Sage is frequently utilized by Indigenous peoples for its healing and purifying powers during ceremonies and spiritual purification, so you may have heard of it in a spiritual context. Additionally, some “smudge” or burn sage to purge their homes of unwelcome energy and perform some “spiritual housecleaning.” Sage is frequently used in numerous recipes despite its multiple purposes. Sage particularly thrives in festive stuffings, meats like sausage and chicken, and other cuisines containing herbs like thyme, marjoram, and rosemary.
Sage is a plant that has long been used as a herb for both culinary and medicinal uses. Salvia officinalis, the name of the plant, is derived from the Latin word “slavery,” which means “to be saved.” Woody stems, greyish leaves, and blue and purple blooms are features of this evergreen subshrub. It is a highly distinctive herb with a flavor that is natural, and it can be bought fresh, dried, whole, or rubbed.
Sage tastes strongly like herbs. It pairs well with meat, particularly beef, hog, and duck. Additionally, it goes nicely with many savory foods. Its unusual herbal flavor complements a wide variety of dishes. Sage is a culinary herb that can be used in a variety of cooking methods. In chicken, roasted vegetables, and salad dressings, it is a crucial component. Sage will improve the flavor and savory flavor of meats and other meals.
How to Store Sage
Keep Sage Fresh refrigerated.
Fresh sage leaves shouldn’t be consumed uncooked because of their bitter flavors. Instead, sage, also known as a facsimile to the Greeks, should be boiled or minced and used in stews, fowl, squash, and other dishes. Fresh sage leaves shouldn’t have any dry edges or soft patches, and they should be fragrant.
Sage leaves can be kept in the refrigerator by simply wrapping them in paper towels and placing them in a plastic bag. The leaves must be used within four to five days. In the refrigerator, fresh leaves can be kept for about three weeks after being drenched in olive oil.
Take advantage of the flavorful oil to sauté sage with other ingredients. Take a dish like a butternut squash with spaghetti and sage leaves, for instance.
Freeze Fresh Sage
You may always freeze the fresh sage leaves if you don’t want to keep them in the refrigerator. Wash, dry, and separate the leaves from the stems before packing them loosely in freezer bags and storing them for up to a year. Keep in mind that freezing will enhance the herb’s flavor, so make appropriate adjustments for cooking.
The majority of chefs choose dried sage, which is available in whole, rubbed, and ground forms. While ground sage is more like a free-flowing powder, rubbed sage has a lighter, velvetier texture. Dried sage works well in dishes like ravioli with brown butter and sage sauce as well as salads and gravies. As with all dried herbs, you can keep them in covered containers in a dark, cool location. For the finest flavor, make sure you use dried sage within six months.
Sage can be preserved in a variety of ways and added to various culinary and beverage products. Make sage butter for fresh muffins or salads and sage honey to add to drinks or baked goods. Additionally, sage salt is produced and used for a number of dishes, including roasted vegetables, popcorn, and pork chops. Additionally, you might create sage syrup for pancakes and waffles, sage vinegar for dressings and marinades, and sage oil for charcuterie or salads.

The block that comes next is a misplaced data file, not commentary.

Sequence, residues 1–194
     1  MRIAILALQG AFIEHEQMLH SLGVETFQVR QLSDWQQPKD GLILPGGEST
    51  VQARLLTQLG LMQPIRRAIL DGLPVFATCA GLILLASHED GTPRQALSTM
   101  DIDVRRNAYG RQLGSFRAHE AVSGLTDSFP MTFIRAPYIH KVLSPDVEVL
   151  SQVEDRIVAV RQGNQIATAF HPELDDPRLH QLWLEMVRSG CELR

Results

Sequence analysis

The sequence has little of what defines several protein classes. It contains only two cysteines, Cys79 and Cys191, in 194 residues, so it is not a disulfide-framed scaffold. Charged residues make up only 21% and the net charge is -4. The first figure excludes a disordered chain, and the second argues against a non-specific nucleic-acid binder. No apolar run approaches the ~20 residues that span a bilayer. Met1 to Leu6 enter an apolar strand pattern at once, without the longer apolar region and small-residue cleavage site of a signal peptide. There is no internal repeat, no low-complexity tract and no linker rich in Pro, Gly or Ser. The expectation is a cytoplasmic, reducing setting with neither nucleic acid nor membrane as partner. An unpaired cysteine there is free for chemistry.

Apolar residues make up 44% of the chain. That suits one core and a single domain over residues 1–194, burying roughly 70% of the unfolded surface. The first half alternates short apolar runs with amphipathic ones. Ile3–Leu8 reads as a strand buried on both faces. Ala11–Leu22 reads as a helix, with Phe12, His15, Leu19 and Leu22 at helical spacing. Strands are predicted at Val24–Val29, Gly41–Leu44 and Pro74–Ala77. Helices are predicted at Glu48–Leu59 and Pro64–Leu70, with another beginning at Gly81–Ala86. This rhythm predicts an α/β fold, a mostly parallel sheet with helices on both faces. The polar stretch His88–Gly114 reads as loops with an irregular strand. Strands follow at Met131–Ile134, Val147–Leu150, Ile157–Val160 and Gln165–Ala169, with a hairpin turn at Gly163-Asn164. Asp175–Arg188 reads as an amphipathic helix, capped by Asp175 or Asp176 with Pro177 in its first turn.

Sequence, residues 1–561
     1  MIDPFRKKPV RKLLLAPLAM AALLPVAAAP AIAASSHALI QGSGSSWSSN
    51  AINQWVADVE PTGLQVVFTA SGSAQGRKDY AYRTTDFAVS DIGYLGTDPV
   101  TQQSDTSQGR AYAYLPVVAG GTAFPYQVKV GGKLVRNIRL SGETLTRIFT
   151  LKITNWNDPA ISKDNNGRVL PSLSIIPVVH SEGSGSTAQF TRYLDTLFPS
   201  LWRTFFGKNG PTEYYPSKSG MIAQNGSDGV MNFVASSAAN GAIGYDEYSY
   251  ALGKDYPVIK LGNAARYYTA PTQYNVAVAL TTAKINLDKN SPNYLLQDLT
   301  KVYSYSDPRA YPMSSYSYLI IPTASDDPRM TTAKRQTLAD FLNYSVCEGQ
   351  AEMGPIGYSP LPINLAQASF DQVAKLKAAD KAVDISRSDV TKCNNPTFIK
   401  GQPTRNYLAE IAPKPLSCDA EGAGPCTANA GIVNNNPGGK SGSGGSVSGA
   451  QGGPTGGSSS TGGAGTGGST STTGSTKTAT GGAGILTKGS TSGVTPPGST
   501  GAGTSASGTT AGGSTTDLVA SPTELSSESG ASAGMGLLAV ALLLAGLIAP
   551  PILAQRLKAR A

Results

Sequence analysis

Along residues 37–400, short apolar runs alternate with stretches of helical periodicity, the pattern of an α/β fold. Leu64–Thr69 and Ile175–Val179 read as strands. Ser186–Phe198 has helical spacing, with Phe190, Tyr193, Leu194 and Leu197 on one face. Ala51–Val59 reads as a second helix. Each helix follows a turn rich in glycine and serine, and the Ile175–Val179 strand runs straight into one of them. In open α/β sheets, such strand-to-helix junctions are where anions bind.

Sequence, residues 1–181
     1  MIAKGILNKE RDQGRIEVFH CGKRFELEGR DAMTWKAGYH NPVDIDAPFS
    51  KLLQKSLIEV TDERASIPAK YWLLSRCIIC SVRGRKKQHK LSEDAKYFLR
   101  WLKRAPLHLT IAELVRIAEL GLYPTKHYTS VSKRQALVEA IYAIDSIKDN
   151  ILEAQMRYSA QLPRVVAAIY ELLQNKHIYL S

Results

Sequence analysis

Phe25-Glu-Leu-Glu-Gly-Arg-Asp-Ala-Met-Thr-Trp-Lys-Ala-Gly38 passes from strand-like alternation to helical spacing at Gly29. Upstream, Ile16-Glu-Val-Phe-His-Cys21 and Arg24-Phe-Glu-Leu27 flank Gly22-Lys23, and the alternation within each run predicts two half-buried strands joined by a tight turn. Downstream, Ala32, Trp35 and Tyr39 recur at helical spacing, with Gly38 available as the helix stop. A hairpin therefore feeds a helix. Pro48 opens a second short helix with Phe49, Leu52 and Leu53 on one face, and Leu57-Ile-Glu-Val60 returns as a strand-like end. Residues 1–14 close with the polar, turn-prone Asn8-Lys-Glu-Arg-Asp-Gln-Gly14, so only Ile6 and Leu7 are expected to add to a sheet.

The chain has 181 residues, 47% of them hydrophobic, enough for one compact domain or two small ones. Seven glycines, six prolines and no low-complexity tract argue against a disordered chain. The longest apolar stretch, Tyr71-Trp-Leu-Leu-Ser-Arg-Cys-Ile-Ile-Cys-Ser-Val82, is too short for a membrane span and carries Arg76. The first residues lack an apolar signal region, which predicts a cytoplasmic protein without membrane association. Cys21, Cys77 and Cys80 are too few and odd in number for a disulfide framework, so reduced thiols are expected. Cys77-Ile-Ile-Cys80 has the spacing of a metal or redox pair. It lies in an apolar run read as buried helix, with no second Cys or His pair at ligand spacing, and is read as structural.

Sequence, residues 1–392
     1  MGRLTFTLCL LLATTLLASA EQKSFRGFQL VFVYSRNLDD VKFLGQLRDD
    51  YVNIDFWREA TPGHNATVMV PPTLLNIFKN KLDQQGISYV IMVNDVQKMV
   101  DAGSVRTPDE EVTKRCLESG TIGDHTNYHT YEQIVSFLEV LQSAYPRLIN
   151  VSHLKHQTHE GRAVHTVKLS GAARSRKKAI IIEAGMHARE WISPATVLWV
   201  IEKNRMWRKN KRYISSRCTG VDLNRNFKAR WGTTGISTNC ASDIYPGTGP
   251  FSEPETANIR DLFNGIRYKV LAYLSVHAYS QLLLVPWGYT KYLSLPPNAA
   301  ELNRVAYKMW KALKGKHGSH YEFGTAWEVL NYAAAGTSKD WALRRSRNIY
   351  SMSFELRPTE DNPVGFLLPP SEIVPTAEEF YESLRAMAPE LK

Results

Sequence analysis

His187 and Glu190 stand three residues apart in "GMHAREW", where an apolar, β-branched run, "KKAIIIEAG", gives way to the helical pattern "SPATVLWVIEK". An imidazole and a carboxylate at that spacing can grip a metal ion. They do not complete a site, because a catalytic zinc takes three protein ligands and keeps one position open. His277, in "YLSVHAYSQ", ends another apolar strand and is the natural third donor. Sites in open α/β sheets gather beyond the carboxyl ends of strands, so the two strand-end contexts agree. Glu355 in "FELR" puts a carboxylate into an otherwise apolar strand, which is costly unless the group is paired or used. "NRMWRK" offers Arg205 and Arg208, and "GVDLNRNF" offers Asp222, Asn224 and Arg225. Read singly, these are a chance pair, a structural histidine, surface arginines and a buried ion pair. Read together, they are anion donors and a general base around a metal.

How to Use Sage in the Kitchen?
These suggestions would be useful if you have never used sage in cooking to get the best outcomes. Even if you are familiar with the flavorful herb, you will find new applications for it in this article.
Sage harvesting: When you harvest herbs, they typically don’t grow back as quickly or as bushily as they formerly did. However, there is a simple trick that, depending on where you pick the sage, can significantly alter how it grows. Just above the axillary buds, remove the leaves.
(where the plant’s fresh leaves first appear). This method of sage harvesting encourages the plant to develop more quickly and fully, even after being chopped.
Sage Wilting: Sage leaves should be wilted if you want to fry them in oil, as several recipes call for them especially. The purpose of wilting leaves is to achieve a state of barely cookedness, which will make the leaves more flavorful and juicy. When the broth has reached a rolling boil, remove it from the heat and stir in the leaves for a few minutes.
Sage drying is a different technique from wilting that can impart additional flavors to the herb. Sage can also be kept useable for a longer period of time by drying. Sage may be dried at home by simply being tied up and hung from a drawer that is left open to the air for a few days. You can save the leftover dried sage even after using it for another recipe.
How to Treat Sage?
Keep reading to learn the best and most inventive uses for sage if you have a lot of it at home but are lacking in inspiration.
Sage is a fragrant herb that can be used in cooking just like other aromatic herbs like basil and mint. Sage also aids with digestion, making it a good choice for seasoning meals like duck flesh which are typically hard to digest.
Sage Tea: Sage is a plant that aids in digestion; it is frequently used as a spice for foods that have a lot of fat, such as duck.
Sage can aid with digestion, so you could also use it to make green tea. To make a DIY teabag, you’ll need a coffee filter and natural hemp rope, but if you can’t find either of those things, don’t worry—you can still brew sage tea. For extra flavor, you ought to add some honey and lemon juice.
Sage Chip – You may include sage in any recipe that calls for panfrying, but if you’re feeling particularly inventive, you could make your own sage chips. Just wilt the sage leaves for a few minutes, dry them up, and fry them in heated oil—each side should only take about 20 seconds—then season and serve as a snack or a garnish for other recipes that also contain sage. It should be comparable to making kale chips.